Amazon has earned record profits in recent years and created a bottomless piggy bank for investing in automation, pouring billions into developing robots and artificial intelligence. But investing in the human workers who have helped make Amazon’s growth possible seems to have been put on the back burner. And now the company has the nerve to pat itself on the back for offering workers money to quit?
It’s time for an intervention – from the inside. Amazon shareholders meeting this week in Seattle must confront the elephant in the room and squarely address the human toll of Amazon’s relentless march to automation. And they should hold CEO Jeff Bezos’ feet to the fire if he tries to dismiss mounting public scrutiny as “a natural piece of being a large corporation.”
There is nothing natural about the impact of Amazon’s tunnel vision on robots. The horror stories from Amazon workers have gotten worse and worse in recent years, from workers urinating in bottles and enduring suffocating temperatures to suffering serious injuries and even death. Conditions have gotten so bad that 911 calls have become commonplace.
Amazon’s lack of self-reflection and accountability on these issues create a dangerous precedent in an economy where automation will be a top priority for almost all major companies in the decades to come: that investment in robots will inevitably come at a grave cost to human workers. We must reject the idea that a company as rich and powerful as Amazon cannot expand automation and improve conditions for workers at the same time.
The scale of the Amazon labor problem cannot be overstated. With Amazon operating 151 fulfillment centers, airport hubs, and cross decks as well as 119 sortation centers and delivery stations across the United States, the company’s obsession with robots while treating workers as disposable is nothing short of an emergency.
Amazon’s warehouse machines might be able to function under severe conditions, but all Amazon workers – whether they are fulfilling orders in a warehouse or delivering packages – deserve a safe work environment. Workers should never have to work in excessive heat or meet unreasonable physical labor demands. When conditions are unsafe, workers should be able to report concerns internally or file complaints with the Occupational Safety and Health Administration without fear of being terminated as a result of speaking up.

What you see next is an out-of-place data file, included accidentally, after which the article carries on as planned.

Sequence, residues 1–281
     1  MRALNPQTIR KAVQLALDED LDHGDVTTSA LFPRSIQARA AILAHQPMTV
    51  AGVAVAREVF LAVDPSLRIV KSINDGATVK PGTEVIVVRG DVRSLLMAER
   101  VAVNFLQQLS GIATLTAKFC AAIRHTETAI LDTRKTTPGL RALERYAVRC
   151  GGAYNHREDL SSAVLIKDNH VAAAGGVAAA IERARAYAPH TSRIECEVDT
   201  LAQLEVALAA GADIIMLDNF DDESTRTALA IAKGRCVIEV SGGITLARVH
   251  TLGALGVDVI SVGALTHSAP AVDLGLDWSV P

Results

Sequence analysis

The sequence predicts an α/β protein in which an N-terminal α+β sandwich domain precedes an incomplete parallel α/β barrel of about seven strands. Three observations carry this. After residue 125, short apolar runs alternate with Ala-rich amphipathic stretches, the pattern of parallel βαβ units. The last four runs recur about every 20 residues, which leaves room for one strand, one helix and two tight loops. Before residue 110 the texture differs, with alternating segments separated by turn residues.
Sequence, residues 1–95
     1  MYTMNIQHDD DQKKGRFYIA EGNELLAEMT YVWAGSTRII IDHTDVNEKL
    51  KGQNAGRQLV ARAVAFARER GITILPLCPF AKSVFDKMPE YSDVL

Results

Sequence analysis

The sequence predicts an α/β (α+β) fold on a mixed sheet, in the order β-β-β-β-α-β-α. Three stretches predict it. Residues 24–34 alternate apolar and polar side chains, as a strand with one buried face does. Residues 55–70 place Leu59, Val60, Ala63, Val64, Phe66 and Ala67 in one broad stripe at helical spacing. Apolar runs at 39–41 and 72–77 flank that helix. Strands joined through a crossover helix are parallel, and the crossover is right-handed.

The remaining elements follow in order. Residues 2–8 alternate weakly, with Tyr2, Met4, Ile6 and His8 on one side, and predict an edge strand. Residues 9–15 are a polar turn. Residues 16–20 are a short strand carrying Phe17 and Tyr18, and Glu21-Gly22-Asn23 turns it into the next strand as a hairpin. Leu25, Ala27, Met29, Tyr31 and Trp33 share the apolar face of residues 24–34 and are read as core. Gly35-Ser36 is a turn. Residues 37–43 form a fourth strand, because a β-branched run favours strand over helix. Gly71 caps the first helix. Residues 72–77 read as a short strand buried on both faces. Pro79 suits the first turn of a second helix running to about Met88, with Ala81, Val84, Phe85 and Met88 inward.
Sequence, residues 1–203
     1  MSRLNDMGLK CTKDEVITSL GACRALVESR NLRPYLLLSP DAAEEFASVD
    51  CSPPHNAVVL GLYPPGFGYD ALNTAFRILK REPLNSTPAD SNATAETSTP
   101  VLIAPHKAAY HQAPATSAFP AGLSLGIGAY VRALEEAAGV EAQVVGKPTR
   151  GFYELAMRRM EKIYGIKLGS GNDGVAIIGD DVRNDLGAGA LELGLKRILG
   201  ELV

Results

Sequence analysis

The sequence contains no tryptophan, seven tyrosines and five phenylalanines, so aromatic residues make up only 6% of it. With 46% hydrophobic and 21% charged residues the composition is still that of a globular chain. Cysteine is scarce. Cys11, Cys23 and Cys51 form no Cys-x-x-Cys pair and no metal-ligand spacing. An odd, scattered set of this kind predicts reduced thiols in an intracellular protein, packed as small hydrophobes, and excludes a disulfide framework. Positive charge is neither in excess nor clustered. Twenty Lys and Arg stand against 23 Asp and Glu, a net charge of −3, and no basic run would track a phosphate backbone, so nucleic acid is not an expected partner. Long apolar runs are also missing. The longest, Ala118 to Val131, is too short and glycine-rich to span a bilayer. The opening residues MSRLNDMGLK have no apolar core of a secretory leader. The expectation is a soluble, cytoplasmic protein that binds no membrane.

Robots might be able to work days on end without stopping, but Amazon workers deserve the same right as all other non-salaried workers in the United States to cap their time spent at work to 40 hours per week, a ceiling established by the Fair Labor Standards Act. Compulsory overtime during peak season – Thanksgiving through Christmas – is a violation of this ceiling and all Amazon workers should be able to opt out without punishment. Amazon workers deserve the ability to take time off from a shift or extended time away from the job to address medical needs without being penalized or docked pay. Pregnant workers, several of whom have sued Amazon, must be protected from discrimination.
Amazon must also do more to recognize the privacy rights of workers, who should not be subject to biometric surveillance. The fact that Amazon patented a wristband that would alert warehouse supervisors when workers take a breather or go to the bathroom is a clear sign of where Amazon’s machine mentality will lead us if the company continues to advance a culture that doesn’t value and appreciate employees.
Amazon could correct course and use its record profits for good. Instead of offering to pay disgruntled workers to quit, for example, Amazon could consider providing the support and training workers need to build stable, good-paying careers in an economy that requires continual reskilling. But all signs point to the company continuing down the same reckless path.
The unfortunate reality is that Amazon executives will continue to shrug off scrutiny over its abandonment of workers unless insiders demand meaningful change.
Shareholders must rise to the occasion.
Robert B. Engel is chief spokesperson for the Free & Fair Markets Initiative.
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